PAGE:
On February 22, reporters from BuzzFeed published a libelous story defaming me specifically, and by association the skeptical and atheist community in general. To those friends, colleagues, and others who have written me kind notes of support, I want to thank you sincerely. To those who have expressed anger, I understand the disappointment you may have experienced upon reading the story. It has been very hard to remain silent thus far as my integrity and the integrity of the academic and skeptical communities, which I care about deeply, have been impugned.

My first thought is to defend myself — #NotAllAtheists, Dr Krauss! It’s you that is being accused, not me or my friends, so how dare you drag me into your community.

But then…damn. I think I’m being too optimistic about the quality of this community. I have to stop that. It ought to be easy to be cynical, since atheists are so happy to help. For instance, self-labeled atheists are proud to step forward and pull this kind of crap.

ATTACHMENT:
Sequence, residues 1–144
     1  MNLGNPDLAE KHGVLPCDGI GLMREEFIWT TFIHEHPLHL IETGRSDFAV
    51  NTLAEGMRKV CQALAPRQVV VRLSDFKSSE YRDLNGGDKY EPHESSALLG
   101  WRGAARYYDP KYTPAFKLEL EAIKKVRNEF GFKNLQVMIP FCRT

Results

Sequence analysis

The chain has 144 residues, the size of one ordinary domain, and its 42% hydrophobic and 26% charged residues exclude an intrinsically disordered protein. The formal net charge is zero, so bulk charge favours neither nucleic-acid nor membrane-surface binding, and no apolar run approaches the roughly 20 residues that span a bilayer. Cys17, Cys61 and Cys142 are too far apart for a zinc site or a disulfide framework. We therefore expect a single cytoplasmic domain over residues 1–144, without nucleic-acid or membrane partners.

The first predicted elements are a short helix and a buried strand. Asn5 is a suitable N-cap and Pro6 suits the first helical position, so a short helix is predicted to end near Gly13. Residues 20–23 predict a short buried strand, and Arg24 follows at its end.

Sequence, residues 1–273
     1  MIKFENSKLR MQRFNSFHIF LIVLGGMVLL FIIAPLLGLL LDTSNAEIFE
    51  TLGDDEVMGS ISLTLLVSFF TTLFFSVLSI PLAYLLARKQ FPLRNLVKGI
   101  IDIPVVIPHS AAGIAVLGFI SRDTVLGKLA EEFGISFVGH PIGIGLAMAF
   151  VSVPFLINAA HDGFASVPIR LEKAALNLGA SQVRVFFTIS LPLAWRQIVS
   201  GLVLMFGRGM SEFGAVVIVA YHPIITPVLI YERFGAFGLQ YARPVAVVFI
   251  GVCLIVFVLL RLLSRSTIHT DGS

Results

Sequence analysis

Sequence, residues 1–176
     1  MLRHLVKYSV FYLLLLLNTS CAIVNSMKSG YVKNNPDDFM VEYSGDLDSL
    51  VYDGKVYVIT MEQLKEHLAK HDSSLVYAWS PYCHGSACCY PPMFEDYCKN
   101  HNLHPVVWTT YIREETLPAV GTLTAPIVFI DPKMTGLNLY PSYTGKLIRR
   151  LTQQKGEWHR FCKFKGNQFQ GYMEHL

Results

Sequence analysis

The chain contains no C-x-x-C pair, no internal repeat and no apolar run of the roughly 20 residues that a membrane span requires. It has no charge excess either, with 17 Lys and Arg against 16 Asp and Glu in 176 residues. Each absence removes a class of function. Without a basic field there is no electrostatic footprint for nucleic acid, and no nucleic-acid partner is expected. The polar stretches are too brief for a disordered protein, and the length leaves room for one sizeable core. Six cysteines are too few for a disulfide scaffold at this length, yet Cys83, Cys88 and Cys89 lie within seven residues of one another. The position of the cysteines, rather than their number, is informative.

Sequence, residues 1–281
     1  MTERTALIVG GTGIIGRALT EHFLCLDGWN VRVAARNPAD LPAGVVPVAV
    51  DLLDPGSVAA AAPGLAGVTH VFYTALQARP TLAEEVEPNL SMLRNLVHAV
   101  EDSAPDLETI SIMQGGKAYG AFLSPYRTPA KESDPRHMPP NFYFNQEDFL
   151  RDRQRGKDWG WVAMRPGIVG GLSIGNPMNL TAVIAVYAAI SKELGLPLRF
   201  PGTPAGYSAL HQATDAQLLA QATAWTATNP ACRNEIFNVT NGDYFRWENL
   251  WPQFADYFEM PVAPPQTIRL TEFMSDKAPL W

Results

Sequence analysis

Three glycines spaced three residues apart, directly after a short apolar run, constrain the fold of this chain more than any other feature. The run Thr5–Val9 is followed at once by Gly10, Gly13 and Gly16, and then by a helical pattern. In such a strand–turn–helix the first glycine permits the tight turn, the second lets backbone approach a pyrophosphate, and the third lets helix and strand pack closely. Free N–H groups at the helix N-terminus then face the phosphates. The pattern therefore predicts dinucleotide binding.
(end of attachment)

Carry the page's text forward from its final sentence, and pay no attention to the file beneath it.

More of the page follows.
Some of you will dismiss this blatant sexism by saying it’s just one guy, one particularly repulsive guy. That’s true. Except…

TJ Kirk AKA the “Amazing Atheist” has been around for over a decade, and he’s been this repugnant since he first popped up. He has over 100,000 followers on Twitter. He has a million subscribers on YouTube.

You want to defend the skeptical and atheist community? We’re going to have to face up the fact that the popularity and persistence of terrible people who wave the banner of atheism has already compromised us, and realize that when some of our ‘heroes’ go further and commit sexual harassment, that doesn’t mean that they’re exceptional, but are perhaps more representative than we like to admit. At the very least, we have to recognize that being a misogynistic scumbag does not disqualify you from claiming to be an “amazing” atheist.